Morality in the Media

This chapter of Our Movie Made Children by Henry James Forman argues that movies are ruining the morals of the American youth by exposing them to situations that are violent, inappropriate, and questionable. While arguing over the morality of movies, Forman quotes Dr. Blumer saying the quick absorption of movie themes and information is what causes film to be a great form of communication. The vividness and visual interaction in movies makes it easier for people to take in what they see and process what is being broadcasted to them (1).

According to Forman, the film industry destroys the innocence of American youth and to blur the line between what is right or wrong that schools, their parents, and the church have tried to maintain (2). It also provides an inaccurate account of real life and causes people to have unrealistic expectations of the world. An example of this was the increased interest in a college education, based on the portrayal of college students and education in movies. Some of the girls quoted said they expected college to be more like what they saw in films, which focused solely on the social aspects of a high education (3). I wonder if there was actually a spike in college applications when these movies came out, or if Forman was just able to find on or two accounts that supported his argument. As we discussed in class, Forman’s argument relies on the public being unable to think critically. Essentially, anything the people, specifically children, see, they must believe. Visual communication is incredibly powerful when used correctly, however, this excerpt only focuses on films as a medium that corrupts minors. How was what child saw in movies different from what they saw in real life or from what they read in newspapers? For example, Al Capone and other gangsters were active before there were movies about them, so how would films be the only thing to blame if they drew on real life experiences and stories? This ties into the question of whether movies influence people or if people and real life events influence movies. I think it’s nearly impossible for any movie to avoid influences from everyday life. Forman only focuses on movies when there could be an infinite amount of other factors that affect the behavior and attitudes of children.

This chapter proposes that violence in movies is directly related to children acting out and an increase in criminal activity. However, I don’t think the data proposed necessarily supports that. Forman states that according to Dr. Blumer’s research, supposedly 77 million Americans went to the movies weekly (4). Now, this is such a massive number it’s hard to clearly imagine it, and, according to Forman, the minors in attendance were subjected to such morally questionable scenes, their minds were molded into something outside from what is dictated by their parents or society. Aside from a few vague numbers and random individual testimonies, there is no concrete evidence provided that proves films with violence depicted is the direct cause of delinquency. I’m not saying there isn’t a relationship between the two, but from this excerpt I don’t see enough evidence to condemn the film industry for ruining the morals of young Americans. Another question of mine is were there more individual studies done at this time on the matter that used more specific data or smaller test groups to make a more solid connection between movies and morality? Where Forman’s argument was based a little more on quantitative evidence did someone focus on qualitative studies at this time or later? Also, once televisions were introduced into homes, would there arguably be more of an opportunity for an impressionable audience to change their morals, or since parents could monitor the television more closely than movies would that affect the results?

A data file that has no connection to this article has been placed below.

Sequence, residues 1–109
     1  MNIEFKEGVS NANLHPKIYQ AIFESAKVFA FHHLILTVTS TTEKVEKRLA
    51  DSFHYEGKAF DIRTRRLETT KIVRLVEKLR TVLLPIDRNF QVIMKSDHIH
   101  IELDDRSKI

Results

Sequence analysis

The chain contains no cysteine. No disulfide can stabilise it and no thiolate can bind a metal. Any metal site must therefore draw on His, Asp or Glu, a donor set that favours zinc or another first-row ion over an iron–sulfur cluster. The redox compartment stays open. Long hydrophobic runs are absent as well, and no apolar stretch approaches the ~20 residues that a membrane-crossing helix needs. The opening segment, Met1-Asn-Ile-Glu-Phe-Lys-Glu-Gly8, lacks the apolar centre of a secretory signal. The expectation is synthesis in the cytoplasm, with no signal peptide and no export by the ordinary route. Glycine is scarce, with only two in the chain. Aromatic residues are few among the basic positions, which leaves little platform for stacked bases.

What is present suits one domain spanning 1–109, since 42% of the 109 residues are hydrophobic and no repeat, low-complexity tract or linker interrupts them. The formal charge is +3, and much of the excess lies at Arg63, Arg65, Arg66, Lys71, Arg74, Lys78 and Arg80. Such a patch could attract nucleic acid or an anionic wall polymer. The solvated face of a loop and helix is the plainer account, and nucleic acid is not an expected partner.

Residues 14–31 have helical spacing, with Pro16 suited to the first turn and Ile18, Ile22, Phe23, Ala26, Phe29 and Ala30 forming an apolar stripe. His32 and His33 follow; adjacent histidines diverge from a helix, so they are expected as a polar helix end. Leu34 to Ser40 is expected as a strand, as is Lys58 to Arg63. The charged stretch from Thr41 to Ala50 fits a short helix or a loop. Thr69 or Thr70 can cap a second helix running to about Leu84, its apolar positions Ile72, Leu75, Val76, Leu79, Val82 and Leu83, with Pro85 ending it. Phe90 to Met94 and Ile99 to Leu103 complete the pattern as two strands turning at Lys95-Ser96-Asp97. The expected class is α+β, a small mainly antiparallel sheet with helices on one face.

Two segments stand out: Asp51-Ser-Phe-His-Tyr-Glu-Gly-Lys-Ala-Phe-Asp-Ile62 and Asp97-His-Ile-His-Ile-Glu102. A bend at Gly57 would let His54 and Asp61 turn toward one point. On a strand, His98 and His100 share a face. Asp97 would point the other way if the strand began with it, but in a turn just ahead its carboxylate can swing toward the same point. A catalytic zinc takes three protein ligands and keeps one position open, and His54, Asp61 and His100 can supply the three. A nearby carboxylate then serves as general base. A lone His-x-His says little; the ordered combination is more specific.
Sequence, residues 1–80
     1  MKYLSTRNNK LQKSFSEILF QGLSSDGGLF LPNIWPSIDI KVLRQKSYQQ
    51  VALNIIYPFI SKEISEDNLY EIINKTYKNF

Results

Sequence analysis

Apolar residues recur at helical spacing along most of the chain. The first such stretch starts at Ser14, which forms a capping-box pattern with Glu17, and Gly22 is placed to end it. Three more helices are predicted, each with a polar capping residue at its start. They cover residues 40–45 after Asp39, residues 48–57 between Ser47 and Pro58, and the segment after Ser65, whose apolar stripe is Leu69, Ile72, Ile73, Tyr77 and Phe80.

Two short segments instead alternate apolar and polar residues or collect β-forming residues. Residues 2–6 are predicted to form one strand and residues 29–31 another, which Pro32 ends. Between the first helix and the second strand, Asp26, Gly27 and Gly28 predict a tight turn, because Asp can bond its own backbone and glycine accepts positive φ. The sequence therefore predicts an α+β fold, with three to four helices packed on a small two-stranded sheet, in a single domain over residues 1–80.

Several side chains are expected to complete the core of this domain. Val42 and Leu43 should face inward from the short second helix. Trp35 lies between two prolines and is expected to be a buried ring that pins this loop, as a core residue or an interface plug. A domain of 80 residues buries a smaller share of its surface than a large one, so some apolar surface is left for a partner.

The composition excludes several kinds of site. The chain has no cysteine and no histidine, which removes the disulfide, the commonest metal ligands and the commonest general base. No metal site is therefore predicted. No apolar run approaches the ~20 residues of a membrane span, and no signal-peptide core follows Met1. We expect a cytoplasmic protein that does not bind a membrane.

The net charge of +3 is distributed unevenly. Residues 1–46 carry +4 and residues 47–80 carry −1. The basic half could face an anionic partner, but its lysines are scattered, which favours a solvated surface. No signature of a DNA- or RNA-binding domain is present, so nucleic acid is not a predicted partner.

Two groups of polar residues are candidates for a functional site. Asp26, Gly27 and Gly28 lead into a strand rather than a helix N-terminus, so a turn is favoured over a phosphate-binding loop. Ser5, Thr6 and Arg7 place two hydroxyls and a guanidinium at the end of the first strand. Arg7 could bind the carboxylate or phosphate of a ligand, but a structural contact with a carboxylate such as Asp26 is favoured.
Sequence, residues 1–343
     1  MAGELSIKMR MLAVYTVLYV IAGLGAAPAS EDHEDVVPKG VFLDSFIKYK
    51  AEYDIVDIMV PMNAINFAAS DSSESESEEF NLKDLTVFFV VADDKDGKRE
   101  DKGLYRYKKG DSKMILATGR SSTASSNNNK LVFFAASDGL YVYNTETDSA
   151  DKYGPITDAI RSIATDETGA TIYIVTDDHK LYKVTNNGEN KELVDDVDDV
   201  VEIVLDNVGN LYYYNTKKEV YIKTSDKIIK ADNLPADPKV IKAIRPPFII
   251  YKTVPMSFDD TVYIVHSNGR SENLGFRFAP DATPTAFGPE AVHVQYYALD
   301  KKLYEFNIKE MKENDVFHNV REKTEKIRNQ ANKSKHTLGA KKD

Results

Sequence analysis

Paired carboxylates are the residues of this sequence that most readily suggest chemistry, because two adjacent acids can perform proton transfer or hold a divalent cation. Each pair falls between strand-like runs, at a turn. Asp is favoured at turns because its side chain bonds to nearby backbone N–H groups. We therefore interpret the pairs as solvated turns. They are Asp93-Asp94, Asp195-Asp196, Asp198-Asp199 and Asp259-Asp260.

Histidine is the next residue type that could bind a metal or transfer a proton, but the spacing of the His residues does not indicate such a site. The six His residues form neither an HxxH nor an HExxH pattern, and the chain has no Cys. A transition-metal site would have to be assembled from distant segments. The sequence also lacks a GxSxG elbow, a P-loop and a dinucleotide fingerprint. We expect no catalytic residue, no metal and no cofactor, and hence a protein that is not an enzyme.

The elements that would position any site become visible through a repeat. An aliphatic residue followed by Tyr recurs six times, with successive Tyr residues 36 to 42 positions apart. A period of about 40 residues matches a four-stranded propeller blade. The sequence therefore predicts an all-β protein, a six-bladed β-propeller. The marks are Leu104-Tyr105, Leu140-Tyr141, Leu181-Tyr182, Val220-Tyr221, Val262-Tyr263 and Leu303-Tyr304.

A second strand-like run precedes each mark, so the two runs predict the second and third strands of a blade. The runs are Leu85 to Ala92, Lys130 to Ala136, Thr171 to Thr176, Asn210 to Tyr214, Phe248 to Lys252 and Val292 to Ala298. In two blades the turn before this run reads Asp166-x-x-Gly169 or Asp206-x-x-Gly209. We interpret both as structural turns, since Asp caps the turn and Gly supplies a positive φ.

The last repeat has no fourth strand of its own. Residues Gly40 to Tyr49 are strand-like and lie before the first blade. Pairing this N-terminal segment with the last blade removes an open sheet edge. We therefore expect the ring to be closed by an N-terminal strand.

1.) Henry James Forman, “Molded by the Movies,” Our Movie Made Children, (New York: The MacMillian Company, 1935), 177

2.) Ibid., 182

3.) Ibid., 174

4.) Ibid., 158


3 thoughts on “Morality in the Media

  1. I can see where you are coming from with this argument, but I would have to disagree. Not all kids are the same, and I don’t want to point my fingers, but many kids who are playing video games and watching very violent and crime movies are being affected. The more they play that game the more they learn about different kinds of guns and then the more they think they can really shoot one without any trouble. I don’t think watching these movies is causing it, I think it is the age kids are watching these movies is what is the problem. In class when Dr. Adelman was talking about taking his son to see Star Wars, was not what I am talking about. With the parents enforcing what is right and wrong, and what is fact and what is fiction is the difference. It’s the kids going to see movies like the beloved Godfather, with out knowing that this is something that is fiction and not fact. Even though I disagree I loved your post about your view on the reading.


    • I can certainly see where you’re coming from, but I think it is a little much to blame the altering of children’s behaviors solely on the film industry. As I said, I’m not denying that there is a connection between delinquency and violence in movies, but there are definitely more factors in play than just the types of films children watch. These factors include the age at which kids see movies, like you point out, as well as their home life and communities. However, to just have a blanket statement that violence and sex in movies are ruining America’s children, like in the article, isn’t accurate especially without more data and case studies conducted.


      • I am glad to see that the two of you are engaging in a respectful debate here, because I think it highlights the fact that Forman’s argument, regardless of whether it is right or wrong, is still relevant.


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